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Pain After Pool-Time?

Swimmer’s Ear Update

Summer is here, so ’tis the season for sun, swimming, and unfortunately, swimmer’s ear. Otitis externa, more commonly referred to as swimmer’s ear, is an infection of the outer ear canal. This condition is more common with water exposure to the ear, and can develop in all age groups. Common symptoms include pain, mild to severe hearing loss, ear fullness, ear discharge, and tinnitus (noise or ringing in the ears). Symptoms typically occur in only one ear. Preceding events include activities in water such as swimming, surfing, kayaking, or trauma to the canal including overzealous ear cleaning or cotton swab usage.

Most commonly, swimmer’s ear is caused by bacteria. However, fungal organisms can cause an ear canal infection as well, with symptoms often becoming more itchy than painful. These infections thrive in the warm, moist environment of the ear canal, so keeping water out of  the ear is essential for resolution.

Drops for swimmer’s ear are over-the-counter and essentially made of alcohol that help in drying the ear only. A good home remedy is a one-to-one mixture of white vinegar and rubbing alcohol. The vinegar will help make the ear canal environment more acidic and make it more difficult for bacteria and fungi to survive, while the alcohol will dry the ear. It is important to be sure there is no hole in the eardrum with alcohol-containing drops, or significant pain will occur as these drops pass through the drum.

With the typical swimmer’s ear infection, antibiotic ear drops are the mainstay of treatment. The concentration of antibiotic in a drop is thousands of times higher than that in an oral antibiotic. Oral antibiotics are primarily reserved for extension of infection into surrounding tissues or failure of drops, and should be combined with drop therapy. It is also important to be aware if a hole is present in the eardrum, as some drops can be damaging to the inner ear. At times, the ear canal can be so swollen that drops cannot pass down it to effectively treat the canal. A physician may place an ear wick, which will temporarily help stent the canal so the drops can completely treat the affected ear.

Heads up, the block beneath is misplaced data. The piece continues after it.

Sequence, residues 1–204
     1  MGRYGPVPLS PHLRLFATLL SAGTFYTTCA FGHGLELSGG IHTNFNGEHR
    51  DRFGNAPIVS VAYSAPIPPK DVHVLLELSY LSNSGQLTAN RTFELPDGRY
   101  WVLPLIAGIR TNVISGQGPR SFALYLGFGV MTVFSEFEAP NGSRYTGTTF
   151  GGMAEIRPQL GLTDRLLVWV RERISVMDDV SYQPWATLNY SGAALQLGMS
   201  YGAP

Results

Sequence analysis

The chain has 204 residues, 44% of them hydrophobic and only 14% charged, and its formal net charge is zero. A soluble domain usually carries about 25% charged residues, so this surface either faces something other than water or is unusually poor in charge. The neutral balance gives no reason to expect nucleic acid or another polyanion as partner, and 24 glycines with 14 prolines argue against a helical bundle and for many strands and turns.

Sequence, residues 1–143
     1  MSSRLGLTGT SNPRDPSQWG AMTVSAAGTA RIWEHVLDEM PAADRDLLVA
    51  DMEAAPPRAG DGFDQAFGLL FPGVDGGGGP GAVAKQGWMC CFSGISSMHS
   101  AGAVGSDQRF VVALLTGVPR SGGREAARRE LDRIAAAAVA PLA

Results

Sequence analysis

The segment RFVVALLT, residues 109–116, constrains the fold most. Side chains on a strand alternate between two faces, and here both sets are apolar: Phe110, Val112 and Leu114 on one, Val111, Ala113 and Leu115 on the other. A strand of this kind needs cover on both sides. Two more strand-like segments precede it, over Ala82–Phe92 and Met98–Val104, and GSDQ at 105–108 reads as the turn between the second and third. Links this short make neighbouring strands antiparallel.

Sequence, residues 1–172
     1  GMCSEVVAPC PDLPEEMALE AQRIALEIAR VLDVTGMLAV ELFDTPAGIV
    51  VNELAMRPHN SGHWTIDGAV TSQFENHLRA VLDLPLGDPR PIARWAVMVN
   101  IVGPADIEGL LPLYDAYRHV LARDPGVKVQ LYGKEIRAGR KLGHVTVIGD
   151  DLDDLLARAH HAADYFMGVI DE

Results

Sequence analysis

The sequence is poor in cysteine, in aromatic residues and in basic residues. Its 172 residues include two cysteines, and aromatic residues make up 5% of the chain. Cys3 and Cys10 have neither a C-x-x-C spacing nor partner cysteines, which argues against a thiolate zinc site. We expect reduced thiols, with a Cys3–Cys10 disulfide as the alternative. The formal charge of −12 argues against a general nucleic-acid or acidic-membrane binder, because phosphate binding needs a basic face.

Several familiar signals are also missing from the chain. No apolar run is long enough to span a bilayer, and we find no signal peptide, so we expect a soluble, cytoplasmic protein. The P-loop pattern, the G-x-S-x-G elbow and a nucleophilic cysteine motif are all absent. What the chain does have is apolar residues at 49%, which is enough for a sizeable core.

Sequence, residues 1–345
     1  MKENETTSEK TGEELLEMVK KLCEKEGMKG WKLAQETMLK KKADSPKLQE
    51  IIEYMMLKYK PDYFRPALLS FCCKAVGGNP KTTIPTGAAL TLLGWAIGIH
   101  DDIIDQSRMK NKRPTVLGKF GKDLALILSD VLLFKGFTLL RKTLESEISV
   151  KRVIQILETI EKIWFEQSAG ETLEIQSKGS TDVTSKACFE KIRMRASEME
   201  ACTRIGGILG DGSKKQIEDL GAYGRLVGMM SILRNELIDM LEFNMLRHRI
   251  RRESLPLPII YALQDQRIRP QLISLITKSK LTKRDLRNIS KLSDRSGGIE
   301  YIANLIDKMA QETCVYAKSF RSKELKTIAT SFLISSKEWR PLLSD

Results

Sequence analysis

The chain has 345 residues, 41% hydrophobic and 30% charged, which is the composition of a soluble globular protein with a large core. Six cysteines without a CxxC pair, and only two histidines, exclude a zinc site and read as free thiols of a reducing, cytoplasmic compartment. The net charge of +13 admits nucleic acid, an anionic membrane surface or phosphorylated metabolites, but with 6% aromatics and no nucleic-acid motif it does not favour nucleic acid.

At times, the pain of otitis externa can be severe and even require prescription pain medications. However, over the counter anti-inflammatory medications or Tylenol can typically treat the pain appropriately until antibiotic therapy can begin to take effect. Some ear-drop preparations contain steroids which will help resolve swelling and resulting pain more quickly.

Certain anatomic factors may promote the development of otitis externa. Ears with lots of cerumen (or wax) in them may aid in the trapping of water in the canal. Narrow ear canals may help trap water inside them as well. Some people have a condition of the ear canal that produces flaky skin, which also may accumulate and trap water in the canal. This condition may cause itchiness, prompting the usage of cotton swabs which further predisposes a person to develop swimmer’s ear.

There are preventative steps to take to help avoid the painful outer ear infection. Most ear, nose, and throat physicians recommend avoiding cotton swabs in the ear canals in all instances. Using ear plugs in the water may also be a good idea if kids are more prone to develop these types of infections. Many of these can be found at your local pharmacy and are moldable to fill the outermost canal. Others may be sold in certain sizes. If swimmer’s ear is recurring, custom ear plugs can be fit specifically for the ear canals.

Daniel Van Himbergen, MD, is an otolaryngologist at Virginia Ear, Nose and Throat and sees patients at the West End and Hanover locations. He lives in the West End with his wife and three children.
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